Double Danger: Additive Effects of Dementia and Additional Serious Illness on Patient, Caregiver, and Health System Outcomes

Project Details


RP1 Project Summary: Background: Healthcare spending is highly concentrated among a small seriously ill population and, despite high spending, quality of care for this group is often low, marked by poor communication, high burden of pain and other symptoms, and preference-discordant treatments. A key subset of this seriously ill population, persons with dementia (PWD), may experience the greatest burden of serious illness due to dementia’s long course of illness, progressive functional impairment, and high degree of caregiver strain, the impact of which is often magnified among vulnerable and underserved subgroups. These issues are not well characterized over the course of illness and very little is known about the experience of those with both dementia and another coexistent serious illness, such as advanced cancer or heart failure. Aims: This project aims to contribute rich, prospective patient-centered evidence examining the longitudinal experience of PWD and another coexistent serious illness and their families with additional focus on disparities in outcomes among socially vulnerable and underserved populations. We will: 1) examine among PWD the prevalence of another coexistent serious illness over time until death; 2) evaluate differences in treatment intensity (i.e., total Medicare costs, total hospital days, days away from home) annually and cumulatively until death, among person with dementia alone and those with dementia and another serious illness; and 3) assess differences in patient and family experience of care (i.e., caregiving hours, caregiver strain, care-setting transitions, nursing home admission and in-hospital death), among persons with dementia alone and those with dementia and another serious illness. In each aim, we will study differences across vulnerable subgroups. Methods: We will assemble a novel, prospectively-framed sample of PWD combining the nationally- representative Health and Retirement Study (HRS) and National Health and Aging Trends Study (NHATS) cohorts and follow them through the full course of dementia until death. Using currently available data, we will capture over 7000 individuals at the interview when probable dementia was first identified, and combine their longitudinal survey data with Medicare claims data through time of death, to investigate differences in treatment intensity and experience of care between those with dementia alone and those with dementia and another serious illness (e.g., advanced heart failure). Public Health Significance: Older adults with dementia and another coexistent serious illnesses and their families are at risk for suffering due to low-quality, high-cost care, yet little prospective data on their experiences exist. This project will examine the longitudinal experience of PWD and their families beginning when dementia was first identified, and compare these experiences to those with another serious illness, such as advanced cancer or heart failure. By examining patient and families’ experiences prospectively and over the full course of illness, we can begin to appropriately target the interventions needed to improve care.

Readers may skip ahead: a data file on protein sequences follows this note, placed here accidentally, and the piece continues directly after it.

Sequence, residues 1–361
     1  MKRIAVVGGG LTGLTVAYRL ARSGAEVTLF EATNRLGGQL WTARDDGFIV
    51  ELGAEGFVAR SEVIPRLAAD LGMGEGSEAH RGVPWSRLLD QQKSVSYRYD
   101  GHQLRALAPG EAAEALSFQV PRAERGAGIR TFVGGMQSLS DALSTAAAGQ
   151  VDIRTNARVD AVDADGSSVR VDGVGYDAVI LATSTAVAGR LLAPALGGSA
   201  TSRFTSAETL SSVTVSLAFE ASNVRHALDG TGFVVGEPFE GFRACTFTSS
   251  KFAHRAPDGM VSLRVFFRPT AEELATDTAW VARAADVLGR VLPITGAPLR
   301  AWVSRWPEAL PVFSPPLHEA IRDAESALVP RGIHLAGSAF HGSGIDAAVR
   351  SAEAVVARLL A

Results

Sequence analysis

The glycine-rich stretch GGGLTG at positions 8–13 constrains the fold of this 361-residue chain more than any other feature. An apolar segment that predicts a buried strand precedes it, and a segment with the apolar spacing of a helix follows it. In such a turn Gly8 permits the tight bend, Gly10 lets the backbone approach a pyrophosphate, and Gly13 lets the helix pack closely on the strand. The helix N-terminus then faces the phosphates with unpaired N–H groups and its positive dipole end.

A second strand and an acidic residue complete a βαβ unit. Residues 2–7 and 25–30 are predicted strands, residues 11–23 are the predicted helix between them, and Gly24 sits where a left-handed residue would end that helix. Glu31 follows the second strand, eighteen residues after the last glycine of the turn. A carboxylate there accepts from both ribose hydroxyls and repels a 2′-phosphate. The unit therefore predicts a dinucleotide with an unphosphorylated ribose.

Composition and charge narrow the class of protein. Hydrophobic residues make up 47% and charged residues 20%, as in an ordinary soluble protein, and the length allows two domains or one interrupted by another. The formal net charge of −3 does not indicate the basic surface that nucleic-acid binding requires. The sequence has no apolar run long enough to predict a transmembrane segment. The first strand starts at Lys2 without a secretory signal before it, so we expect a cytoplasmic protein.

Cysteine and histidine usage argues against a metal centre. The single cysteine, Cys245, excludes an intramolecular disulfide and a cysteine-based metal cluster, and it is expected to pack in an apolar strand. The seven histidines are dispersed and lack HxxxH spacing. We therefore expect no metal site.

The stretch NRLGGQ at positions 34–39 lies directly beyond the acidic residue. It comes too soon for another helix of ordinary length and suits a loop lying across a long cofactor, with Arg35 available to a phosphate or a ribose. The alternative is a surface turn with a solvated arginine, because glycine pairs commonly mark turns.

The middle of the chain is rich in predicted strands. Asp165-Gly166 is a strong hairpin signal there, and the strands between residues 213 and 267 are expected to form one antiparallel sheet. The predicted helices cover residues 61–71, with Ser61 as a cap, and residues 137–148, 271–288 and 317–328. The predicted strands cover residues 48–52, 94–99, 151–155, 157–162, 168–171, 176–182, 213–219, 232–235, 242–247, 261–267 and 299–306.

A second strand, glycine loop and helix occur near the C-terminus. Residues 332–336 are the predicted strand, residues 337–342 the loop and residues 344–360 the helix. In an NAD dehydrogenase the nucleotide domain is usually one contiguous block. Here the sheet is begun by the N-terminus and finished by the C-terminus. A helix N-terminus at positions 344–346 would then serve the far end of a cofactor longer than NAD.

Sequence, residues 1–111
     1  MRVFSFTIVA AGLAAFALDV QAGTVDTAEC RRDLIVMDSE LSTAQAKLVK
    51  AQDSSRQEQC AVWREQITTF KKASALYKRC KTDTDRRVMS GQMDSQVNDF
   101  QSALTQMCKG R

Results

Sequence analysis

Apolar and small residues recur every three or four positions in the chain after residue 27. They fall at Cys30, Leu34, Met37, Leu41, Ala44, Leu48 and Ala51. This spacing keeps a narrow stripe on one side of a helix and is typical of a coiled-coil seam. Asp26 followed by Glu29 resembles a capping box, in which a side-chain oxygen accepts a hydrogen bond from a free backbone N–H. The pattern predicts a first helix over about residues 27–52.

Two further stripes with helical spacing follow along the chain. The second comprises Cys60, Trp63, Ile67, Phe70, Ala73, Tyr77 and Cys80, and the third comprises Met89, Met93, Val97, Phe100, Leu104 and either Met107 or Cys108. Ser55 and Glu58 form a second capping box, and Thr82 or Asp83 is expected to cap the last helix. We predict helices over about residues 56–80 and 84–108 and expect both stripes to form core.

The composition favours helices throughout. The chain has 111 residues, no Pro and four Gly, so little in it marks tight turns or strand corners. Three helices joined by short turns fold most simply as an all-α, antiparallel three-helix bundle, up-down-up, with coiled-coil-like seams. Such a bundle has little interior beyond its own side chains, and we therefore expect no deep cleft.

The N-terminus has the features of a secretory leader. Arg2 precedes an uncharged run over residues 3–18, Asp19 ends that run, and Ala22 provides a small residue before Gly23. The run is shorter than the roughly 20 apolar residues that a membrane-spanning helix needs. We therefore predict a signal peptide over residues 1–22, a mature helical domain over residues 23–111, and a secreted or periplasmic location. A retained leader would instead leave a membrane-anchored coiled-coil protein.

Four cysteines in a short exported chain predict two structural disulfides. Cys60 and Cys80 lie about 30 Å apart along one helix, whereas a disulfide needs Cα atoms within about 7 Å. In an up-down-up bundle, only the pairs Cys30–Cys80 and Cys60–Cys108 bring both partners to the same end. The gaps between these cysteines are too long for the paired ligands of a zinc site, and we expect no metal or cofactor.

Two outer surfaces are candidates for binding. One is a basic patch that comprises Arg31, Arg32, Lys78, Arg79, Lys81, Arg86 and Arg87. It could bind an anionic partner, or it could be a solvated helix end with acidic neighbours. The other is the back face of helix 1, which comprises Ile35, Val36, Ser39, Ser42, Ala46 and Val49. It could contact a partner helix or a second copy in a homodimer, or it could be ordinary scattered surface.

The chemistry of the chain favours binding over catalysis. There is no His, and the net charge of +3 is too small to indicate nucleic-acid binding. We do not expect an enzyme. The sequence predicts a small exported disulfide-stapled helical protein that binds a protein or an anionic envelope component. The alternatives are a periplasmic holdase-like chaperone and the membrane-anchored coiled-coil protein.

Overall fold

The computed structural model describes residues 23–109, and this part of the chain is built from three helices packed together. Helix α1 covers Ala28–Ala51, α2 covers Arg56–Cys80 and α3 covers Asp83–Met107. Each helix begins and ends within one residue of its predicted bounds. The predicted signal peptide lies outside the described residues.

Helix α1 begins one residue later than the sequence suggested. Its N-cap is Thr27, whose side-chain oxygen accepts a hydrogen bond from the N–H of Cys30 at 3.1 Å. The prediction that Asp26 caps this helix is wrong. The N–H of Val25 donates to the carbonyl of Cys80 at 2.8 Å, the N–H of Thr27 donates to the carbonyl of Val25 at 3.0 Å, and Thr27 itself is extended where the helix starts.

Effective start/end date1/04/2031/05/23


  • National Institute on Aging: $150,785.00


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